New Life Solutions was recruiting new sales representatives to sell consumers a service that would charge them thousands of dollars to evaluate their financial situation and then refer them to a third party. In the case of the contract I reviewed the consumer was being charged $5,628.
In that previous story I wrote about how New Life Financial Solutions was advertising for employment in Montreal. – Source
Well it turns out that one of the recent job applicants contacted me and sent me some interesting information.
Business Rep (Montreal)
Located in Old Montreal, we are looking to find representatives who want to make a difference in people’s lives by settling their debts.
Salary will be based on performance and Senior earning potential up to $100,000. ( Will be discussed in interview)
We have high expectations but with reasonable goals. Please only send resume if you have sales experience and are willing to work hard!
MUST SEND RESUME TO: firstname.lastname@example.org
855-756-2444 x 1010 for questions – Source
Here is what this important tipster (send in your tips here) said.
I found a place that wanted to interview me and so I went to it. The place is E.M.A. (Expense Management America). I was told all about how what I would be doing is helping people settle their debts, and how I can make a great amount of money doing it.
I left the interview with them saying they will call me back and I was “high on life” at this point. So excited to be making (between $2k and $10k a month, AT LEAST) as they said (of course, hard work is a must to attain this….) “The only reason I got a little suspicious is the old saying: If it sounds too good to be true, it probably is.” I did a little digging online and found some bad marks with the BBB.org and WikiScams, 800Notes etc…. a couple good things turned up, but only a couple. That leads me to believe that perhaps some of their employees were posting those.
The reason for all this digging is simple. A) I want to find out if me working for this company will actually make me money and B) I want to find out if, even if it will make me money, it will be achieved by ripping off gullible Americans.
I’ll either be working for them for free until they can me, or… I’ll make great money like they say I will, but I’ll be basically stealing from Americans already in debt, or maybe it’s all totally fine and that’s that. I just don’t know yet. I really hope that if this isn’t real, and they are scamming Americans, that this company can be exposed.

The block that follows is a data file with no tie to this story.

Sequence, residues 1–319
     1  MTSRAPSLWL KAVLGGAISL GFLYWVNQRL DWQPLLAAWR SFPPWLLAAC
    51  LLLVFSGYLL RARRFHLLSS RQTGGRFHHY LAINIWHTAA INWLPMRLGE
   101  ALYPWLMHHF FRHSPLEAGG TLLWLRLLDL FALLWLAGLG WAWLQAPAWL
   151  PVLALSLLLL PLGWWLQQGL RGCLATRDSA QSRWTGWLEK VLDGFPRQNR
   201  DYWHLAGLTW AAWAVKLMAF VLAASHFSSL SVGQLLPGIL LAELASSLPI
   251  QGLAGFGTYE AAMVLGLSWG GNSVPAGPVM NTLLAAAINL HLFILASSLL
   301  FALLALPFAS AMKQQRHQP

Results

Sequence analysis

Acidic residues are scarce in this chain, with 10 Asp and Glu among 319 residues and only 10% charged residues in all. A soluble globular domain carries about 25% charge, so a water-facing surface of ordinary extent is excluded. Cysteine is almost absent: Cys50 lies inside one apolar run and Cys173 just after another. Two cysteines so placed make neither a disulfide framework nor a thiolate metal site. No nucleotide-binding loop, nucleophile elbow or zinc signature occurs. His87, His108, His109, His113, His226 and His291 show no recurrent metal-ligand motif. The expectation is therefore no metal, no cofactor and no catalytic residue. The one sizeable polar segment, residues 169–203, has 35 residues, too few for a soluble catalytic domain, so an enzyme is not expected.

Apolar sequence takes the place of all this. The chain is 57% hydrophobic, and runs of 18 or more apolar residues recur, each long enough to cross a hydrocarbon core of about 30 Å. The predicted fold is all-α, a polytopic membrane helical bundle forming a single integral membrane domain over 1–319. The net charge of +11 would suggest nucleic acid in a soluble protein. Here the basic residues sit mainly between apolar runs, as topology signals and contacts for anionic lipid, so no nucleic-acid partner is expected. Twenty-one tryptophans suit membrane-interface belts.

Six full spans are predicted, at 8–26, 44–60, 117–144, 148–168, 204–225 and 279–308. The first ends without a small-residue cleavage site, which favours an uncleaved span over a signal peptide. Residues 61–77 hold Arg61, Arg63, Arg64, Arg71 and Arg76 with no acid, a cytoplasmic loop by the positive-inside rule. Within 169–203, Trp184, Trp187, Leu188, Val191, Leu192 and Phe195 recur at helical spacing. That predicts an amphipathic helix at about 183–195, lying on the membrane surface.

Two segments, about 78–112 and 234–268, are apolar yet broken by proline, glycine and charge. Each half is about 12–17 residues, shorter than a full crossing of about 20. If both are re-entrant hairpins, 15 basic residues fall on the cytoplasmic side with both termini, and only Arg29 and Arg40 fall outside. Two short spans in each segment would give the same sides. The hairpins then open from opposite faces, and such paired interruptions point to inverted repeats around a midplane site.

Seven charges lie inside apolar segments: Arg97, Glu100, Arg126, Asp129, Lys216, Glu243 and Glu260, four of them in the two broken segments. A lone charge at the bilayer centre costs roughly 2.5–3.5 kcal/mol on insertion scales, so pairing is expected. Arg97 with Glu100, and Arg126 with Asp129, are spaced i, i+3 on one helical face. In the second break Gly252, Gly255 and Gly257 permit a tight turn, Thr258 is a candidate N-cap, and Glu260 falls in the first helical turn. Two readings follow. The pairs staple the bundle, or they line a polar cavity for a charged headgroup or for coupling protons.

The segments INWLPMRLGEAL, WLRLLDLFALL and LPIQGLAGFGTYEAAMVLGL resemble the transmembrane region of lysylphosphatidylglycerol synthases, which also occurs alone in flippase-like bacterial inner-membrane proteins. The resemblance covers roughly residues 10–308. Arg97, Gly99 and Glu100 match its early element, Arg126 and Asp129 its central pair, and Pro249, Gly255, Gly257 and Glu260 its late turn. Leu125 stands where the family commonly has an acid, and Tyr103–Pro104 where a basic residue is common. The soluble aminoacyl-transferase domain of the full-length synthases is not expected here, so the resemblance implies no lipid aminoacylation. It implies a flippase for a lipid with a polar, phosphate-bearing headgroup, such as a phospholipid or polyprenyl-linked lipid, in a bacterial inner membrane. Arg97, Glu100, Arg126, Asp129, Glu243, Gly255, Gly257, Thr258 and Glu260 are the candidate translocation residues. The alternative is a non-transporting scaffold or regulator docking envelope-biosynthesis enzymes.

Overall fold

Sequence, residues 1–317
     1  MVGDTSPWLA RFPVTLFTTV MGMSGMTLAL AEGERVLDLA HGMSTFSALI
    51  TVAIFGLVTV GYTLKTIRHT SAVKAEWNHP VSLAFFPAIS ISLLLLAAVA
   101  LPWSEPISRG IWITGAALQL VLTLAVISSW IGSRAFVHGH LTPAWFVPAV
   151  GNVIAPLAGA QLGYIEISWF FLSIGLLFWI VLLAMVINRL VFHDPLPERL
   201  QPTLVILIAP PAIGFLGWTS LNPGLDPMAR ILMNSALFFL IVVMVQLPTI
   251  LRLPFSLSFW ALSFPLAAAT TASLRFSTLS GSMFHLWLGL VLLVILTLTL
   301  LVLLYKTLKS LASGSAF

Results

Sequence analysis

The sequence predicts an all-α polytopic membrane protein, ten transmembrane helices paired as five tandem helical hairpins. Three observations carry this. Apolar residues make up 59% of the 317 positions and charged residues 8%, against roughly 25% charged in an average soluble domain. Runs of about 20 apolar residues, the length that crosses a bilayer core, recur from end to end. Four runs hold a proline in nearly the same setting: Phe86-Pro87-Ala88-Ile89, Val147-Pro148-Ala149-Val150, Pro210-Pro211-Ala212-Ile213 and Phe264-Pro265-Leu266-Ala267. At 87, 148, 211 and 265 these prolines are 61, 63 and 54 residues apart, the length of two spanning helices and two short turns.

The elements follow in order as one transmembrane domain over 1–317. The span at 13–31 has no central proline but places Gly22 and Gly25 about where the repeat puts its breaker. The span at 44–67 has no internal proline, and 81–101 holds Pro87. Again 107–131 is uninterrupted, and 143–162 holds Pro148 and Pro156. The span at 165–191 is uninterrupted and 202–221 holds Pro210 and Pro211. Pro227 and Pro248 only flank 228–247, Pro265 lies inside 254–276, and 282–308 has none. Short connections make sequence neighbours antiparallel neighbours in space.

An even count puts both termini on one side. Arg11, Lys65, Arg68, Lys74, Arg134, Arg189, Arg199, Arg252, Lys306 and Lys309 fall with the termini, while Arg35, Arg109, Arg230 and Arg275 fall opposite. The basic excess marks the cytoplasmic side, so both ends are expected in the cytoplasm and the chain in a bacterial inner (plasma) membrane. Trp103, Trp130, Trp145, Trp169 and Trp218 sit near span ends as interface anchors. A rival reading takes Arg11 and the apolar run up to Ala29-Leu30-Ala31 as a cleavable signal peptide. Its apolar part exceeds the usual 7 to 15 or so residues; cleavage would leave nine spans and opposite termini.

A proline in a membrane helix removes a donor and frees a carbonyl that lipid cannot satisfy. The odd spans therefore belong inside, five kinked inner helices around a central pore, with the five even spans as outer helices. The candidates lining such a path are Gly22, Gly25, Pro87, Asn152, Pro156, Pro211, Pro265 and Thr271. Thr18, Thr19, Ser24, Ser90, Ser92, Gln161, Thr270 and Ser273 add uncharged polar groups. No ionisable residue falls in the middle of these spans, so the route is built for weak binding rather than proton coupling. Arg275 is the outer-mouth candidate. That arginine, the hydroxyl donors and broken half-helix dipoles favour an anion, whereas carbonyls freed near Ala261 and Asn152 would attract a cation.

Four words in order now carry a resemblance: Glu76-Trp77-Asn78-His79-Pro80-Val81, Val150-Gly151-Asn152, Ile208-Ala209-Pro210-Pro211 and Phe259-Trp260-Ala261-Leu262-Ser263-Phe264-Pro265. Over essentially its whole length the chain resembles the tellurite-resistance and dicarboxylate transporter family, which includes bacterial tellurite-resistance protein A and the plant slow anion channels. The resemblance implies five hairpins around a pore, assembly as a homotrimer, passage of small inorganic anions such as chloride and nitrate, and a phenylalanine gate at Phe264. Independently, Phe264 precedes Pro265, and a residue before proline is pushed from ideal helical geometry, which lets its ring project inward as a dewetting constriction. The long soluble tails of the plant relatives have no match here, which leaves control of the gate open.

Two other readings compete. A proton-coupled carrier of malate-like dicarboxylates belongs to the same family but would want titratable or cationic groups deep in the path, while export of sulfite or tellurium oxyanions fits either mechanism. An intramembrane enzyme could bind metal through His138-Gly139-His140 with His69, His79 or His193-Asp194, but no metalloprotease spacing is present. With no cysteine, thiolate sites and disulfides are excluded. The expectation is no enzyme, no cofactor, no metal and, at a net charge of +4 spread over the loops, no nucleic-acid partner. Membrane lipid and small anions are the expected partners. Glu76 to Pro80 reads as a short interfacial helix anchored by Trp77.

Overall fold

The tipster (send in your tips here) sent along photographs of the information the company provided.
As you can see the role of the person is as a contractor. I’m not familiar with Canadian employment law but in the U.S. a worker that must report to an office, use office supplied equipment and has their working hours dictated would not be classified as a contractor, but instead an employee.
The work day consists of eight hours and the role of the person is to “Make cold calls from company leads, referrals and call backs.”
The job of the Senior Debt Settlement Specialist is to “close the deal” while making sure managing junior level financial analysts. But seriously, what are the junior level people actually analyzing? This appears to be purely a cold call sales job to sell services that result in “settling their debts.”
The next picture shows the definition of a closed and commissionable deal. And then there is this lovely statement, “If you quit or are terminated then your final commission is forfeit.” Is that really legal to do in Canada?
It seems the “Junior Financial Consultant” is not truly a financial consultant at all since the training consists of memorizing a script and appears to not contain any training on the suitability and appropriateness of debt relief solutions for consumers in trouble. If the goal is to stick to the script with a “perfect rendition” then how would the “financial analyst” exercise any independent thought or analysis?
The bonus plan appears to be dependent on not missing any days of work. It also appears to give the sales person, excuse me, Junior Financial Consultant, some flexibility on how quickly the fee is charged. “To maximize your paycheck amount, you should try to keep the number of months to complete the fee payment as short as possible, therefore increasing the payment amounts your client pays to EMA.”
Income based on straight commissions is 7.5% of money received by EMA after the expense of collecting the funds. Payments are received via ACH, wire transfer, and credit cards.
This page tells us the company is selling debt settlement services that have a “standard 35% fall-out ratio for all new deals,” Clearly the focus is not on upfront suitability for Americans that are being sold into these programs. Otherwise how can the fall out percentage be so how?
The commission schedule says the average income per sale is $1,200 over six months. That means the average is closed deals where the fee paid is $7,200.
It certainly does not seem fair that if promoted, the sales commission earned as a Junior Financial Consultant are paid out. Wasn’t that money actually earned? And since EMA “can promote an employee at any time” it seems the employees are constantly at risk of losing their commissions earned.
The tipster (send in your tips here) in this case was a hero for sending in the information.
While the job was an advertisement for New Life Financial, the employer is really EMA. The services being promoted by New Life Financial are not directly for debt settlement services but instead for financial consultation and referral services. – Source
Hopefully it will give people a better insight that the focus is to close the deal and does not appear to be based on selling Americans the best solution for their debt situation.
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